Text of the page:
Ancient mummies rot as Yemen war vexes even the dead
Famine and disease haunt the living, but not even the dead are spared the calamities of Yemen's two-year-old civil war. Ancient mummies are withering away in a major museum for lack of electricity and preservative chemicals
Famine and disease haunt the living, but not even the dead are spared the calamities of Yemen’s two-year-old civil war.
Ancient mummies are withering away in a major museum for lack of electricity and preservative chemicals from abroad – a sign that the conflict is harming not only the country’s present and future but also its rich past.
The dozen spindly corpses, curled into the fetal position or swaddled in baskets, belong to a lost pagan civilization around 2 1/2 millennia ago – long before the advent of Islam.
Lying beneath glass panes within the archaeology department in the capital Sanaa’s main university, the mummies might have spent their eternal slumber blissfully unaware of the otherworldly warplanes pounding their homeland.
A Saudi-led military coalition has carried out thousands of air strikes in a bid to dislodge Yemen’s armed Houthi movement from the capital. The conflict has killed at least 10,000 people and unleashed a humanitarian crisis.
But a timeless enemy, abetted by the disorder of war, threatens the mummies’ repose.
“The mummies have started to decay and are infected with bacteria. This is because we don’t have electricity and the machines that are supposed to maintain them,” said Abdelrahman Jarallah, head of the university’s anitiquities department.
“We need some chemicals to sanitise the mummies every six months, and they aren’t available due to the political situation.”
Power cuts plague Sanaa, sapping the dehumidifiers that help preserve the “Hall of Mummies.” Funding to government bodies like the university have suffered from a struggle between Yemen’s warring parties for control of the central bank.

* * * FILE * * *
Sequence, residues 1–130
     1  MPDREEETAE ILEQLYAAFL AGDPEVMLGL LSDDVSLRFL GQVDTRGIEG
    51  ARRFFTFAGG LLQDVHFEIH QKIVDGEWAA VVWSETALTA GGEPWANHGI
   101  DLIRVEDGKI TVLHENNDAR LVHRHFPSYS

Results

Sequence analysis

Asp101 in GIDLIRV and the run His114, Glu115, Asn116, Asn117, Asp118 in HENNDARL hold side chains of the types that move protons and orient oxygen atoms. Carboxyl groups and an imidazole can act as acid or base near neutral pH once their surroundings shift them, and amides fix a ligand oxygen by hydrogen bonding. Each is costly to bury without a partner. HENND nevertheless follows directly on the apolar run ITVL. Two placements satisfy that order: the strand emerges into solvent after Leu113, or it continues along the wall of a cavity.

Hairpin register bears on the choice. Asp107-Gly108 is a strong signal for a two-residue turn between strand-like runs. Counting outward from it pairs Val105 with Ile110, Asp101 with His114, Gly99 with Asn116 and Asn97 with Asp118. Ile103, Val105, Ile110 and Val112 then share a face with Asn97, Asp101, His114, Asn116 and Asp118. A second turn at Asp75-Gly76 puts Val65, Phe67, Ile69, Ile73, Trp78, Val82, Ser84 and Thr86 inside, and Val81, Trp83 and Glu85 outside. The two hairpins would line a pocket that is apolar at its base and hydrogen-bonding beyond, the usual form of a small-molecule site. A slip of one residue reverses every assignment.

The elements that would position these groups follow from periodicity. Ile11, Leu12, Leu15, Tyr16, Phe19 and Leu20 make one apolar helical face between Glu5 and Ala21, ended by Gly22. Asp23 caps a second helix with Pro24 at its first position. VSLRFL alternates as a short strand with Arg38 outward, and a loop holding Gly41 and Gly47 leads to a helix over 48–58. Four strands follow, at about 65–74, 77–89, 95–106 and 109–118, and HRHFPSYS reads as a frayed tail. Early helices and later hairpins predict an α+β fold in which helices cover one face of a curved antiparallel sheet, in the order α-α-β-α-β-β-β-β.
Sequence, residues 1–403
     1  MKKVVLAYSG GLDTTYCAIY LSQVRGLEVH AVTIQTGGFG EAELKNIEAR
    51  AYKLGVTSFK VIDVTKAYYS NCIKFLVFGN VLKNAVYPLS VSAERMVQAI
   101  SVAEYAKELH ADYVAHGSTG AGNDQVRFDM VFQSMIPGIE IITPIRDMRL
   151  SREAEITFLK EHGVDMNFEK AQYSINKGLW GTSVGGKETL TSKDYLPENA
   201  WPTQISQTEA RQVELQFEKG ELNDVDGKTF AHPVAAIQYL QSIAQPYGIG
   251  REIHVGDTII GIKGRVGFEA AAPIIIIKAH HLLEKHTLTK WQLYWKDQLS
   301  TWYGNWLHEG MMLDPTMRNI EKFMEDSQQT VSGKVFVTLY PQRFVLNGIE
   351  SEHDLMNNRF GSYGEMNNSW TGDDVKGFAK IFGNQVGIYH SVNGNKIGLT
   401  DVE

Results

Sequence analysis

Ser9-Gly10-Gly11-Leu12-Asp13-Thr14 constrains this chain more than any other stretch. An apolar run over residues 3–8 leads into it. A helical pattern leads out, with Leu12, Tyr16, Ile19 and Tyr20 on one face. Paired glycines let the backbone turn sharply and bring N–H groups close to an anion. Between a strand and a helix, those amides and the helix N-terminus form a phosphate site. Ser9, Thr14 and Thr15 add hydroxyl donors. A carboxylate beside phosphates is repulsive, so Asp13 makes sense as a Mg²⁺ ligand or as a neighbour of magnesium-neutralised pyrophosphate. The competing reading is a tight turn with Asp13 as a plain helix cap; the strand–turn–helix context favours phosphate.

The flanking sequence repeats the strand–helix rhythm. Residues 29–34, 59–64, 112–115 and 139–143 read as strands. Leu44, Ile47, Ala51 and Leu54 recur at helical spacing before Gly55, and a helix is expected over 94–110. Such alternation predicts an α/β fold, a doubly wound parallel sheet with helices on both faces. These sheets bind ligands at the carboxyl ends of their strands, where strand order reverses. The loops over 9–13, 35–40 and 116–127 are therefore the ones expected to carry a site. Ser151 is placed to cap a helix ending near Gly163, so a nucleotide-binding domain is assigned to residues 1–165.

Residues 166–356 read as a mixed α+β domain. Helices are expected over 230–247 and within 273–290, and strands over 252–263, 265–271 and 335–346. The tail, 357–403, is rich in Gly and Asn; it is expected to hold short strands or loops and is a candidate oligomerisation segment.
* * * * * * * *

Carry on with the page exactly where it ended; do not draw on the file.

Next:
Antiquities experts are appealing to the university and the culture ministry for funding and equipment to better fend off the microbes eating into the mummies’ flesh.
But the coalition’s closure of Sanaa airport and a near-blockade over a key Red Sea port – aimed at stopping weapons shipments – have cut off imports of specialty goods like the chemicals needed to ward off the microscopic menace.
Sheba and other Yemeni kingdoms once provided the frankincense and myrrh hauled by desert caravans to perfume the temples of the Holy Land and ancient Rome.
Modern combat, however, is disfiguring important cultural treasures. Air strikes have levelled medieval mudbrick towers in Sanaa’s old quarter, a medieval mosque and an Ottoman fort.
Al Qaeda militants have dynamited Sufi shrines and armed attacks in Houthi-held lands have sent packing many members of a Yemeni Jewish community dating from the time of King Solomon around 1,000 B.C.
“So many places have been destroyed because of this war,” lamented Ameeda Shaalan, an antiquities professor who still hopes the mummies can be saved. “We now have some things that have survived, and we must preserve them.”
(This version of the article corrects professor’s name in paragraph 7)
(Writing by Noah Browning and Tarek Fahmy; editing by Mark Heinrich)